Thursday, October 12, 2006
RAYMOND BAXTER: GENTLEMAN AND BROADCASTER
Nostalgia ain't what it used to be; I mean, for a start, there wasn't a sign of Stuart Maconie on this compelling and unashamedly retro-romantic half hour of TV that did exactly what the medium was meant to do when its subject Raymond Baxter and his mellifluous port-and-stilton baritone were royalty; i.e. it informed, it amused and it entertained.
In truth, it would be hard to make a bad programme about Baxter; Spitfire pilot, technological innovator (he was among the prime movers in converting the Beeb's cameras from acetate to tape), proto-petrolhead, radio commentator extraordinaire, TV all-rounder, good sport.
But Raymond Baxter: Gentleman and Broadcaster was actually a very very good programme indeed; a tribute apparently made on a budget of about one-and-six. Appropriately, perhaps, given the string-and-sealing-wax broadcasting years Baxter dominated, but such modesty was among one of its most endearing aspects. There were clichés; Walton's Spitfire Prelude and Fugue playing as Baxter sat - almost in raptures - in the cockpit of one of those lovely Supermarine aeroplanes; and maybe a little too much of Elgar's Nimrod. But one word - his Tomorrow's World colleague Judith Hann's - said it all about Baxter, about the programme. Gravitas.
Hmm. Gravitas. Hardly a word for an era of Jackass, a world in which Elgar's Nimrod would probably draw a battery of sniggers. But it's tempting to wonder what Baxter, a self-confessed technofreak, would have made of the exponential leaps in TV technology today as YouTube gets swallowed by Google. He may not have liked the content, but he'd have been transfixed by the hardware and software.
Baxter's life was examined chronologically and, consciously or not, the show provided an acutely precise lens into the postwar development not just of TV but also of society and technology's place within it. Here, we are informed, was a man obsessed with speed and power and newness, but also in their ultimately humane use, despite his RAF past. He was born, in 1922, into an era of streamlining and the worship of dynamism, in which the Futurist Manifesto's prescriptions of bigger-faster-louder seemed to coming true and to be serving humankind. Of course, they also helped spark the Second World War, but Baxter's irrepressible faith in beneficent and essentially democratic scientific progress - he was so fanatical an admirer of Concorde that he quit the show when a Tomorrow's World producer suggested a piece lambasting the plane for its massive cost - was almost touching to see.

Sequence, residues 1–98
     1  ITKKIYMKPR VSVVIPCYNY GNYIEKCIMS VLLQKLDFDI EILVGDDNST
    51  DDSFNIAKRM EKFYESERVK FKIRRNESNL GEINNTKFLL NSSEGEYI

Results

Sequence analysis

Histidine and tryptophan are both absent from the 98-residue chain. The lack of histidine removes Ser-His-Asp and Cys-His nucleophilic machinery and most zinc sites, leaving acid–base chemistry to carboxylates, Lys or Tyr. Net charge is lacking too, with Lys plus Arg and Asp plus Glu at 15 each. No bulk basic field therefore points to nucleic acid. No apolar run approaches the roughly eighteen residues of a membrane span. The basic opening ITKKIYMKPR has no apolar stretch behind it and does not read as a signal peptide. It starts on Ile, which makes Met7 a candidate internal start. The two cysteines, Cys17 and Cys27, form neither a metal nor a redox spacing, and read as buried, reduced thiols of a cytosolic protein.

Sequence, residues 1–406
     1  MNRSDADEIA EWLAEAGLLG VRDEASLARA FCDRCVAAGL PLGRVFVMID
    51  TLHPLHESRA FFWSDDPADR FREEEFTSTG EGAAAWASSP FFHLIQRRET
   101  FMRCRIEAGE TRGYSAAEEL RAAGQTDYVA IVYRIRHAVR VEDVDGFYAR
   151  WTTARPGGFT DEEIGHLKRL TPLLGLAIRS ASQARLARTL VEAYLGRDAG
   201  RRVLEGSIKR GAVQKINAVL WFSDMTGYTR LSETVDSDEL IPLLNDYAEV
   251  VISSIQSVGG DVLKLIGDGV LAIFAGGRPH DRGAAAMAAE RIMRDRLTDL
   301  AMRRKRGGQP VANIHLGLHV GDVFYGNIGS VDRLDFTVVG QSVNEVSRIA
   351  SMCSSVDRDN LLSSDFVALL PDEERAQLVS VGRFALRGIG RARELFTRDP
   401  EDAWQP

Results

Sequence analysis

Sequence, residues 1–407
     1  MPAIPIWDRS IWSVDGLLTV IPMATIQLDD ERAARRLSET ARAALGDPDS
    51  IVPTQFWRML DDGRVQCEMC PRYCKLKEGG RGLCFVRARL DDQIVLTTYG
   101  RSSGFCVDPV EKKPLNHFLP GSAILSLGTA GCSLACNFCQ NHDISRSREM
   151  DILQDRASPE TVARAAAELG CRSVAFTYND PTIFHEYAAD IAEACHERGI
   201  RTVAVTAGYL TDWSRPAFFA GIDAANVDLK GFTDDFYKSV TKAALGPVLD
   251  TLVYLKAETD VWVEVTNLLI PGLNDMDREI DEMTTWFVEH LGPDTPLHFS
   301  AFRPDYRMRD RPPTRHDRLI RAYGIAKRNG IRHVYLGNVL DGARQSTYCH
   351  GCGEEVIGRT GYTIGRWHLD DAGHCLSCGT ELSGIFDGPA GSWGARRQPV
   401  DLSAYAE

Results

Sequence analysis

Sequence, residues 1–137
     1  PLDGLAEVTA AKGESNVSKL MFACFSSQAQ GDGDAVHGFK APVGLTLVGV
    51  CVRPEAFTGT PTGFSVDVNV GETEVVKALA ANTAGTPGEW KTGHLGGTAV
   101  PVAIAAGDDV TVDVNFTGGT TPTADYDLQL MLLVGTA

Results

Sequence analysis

Baxter became, in effect, the kindly, reassuring cheerleader for Harold Wilson's 'white-hot heat' of 60s technology (ironic, given the presenter's patrician image). No coincidence then that Tomorrow's World was launched but a year or so after that Wilsonian oratory. The fiascos of Thalidomide, the Ronan Point disaster, the non-event of the Tracked Hovercraft and the Oil Shock of 1973 were yet to burst the utopian bubble, revealing the boffins to all too often be not visionaries but men of straw; but still Baxter believed.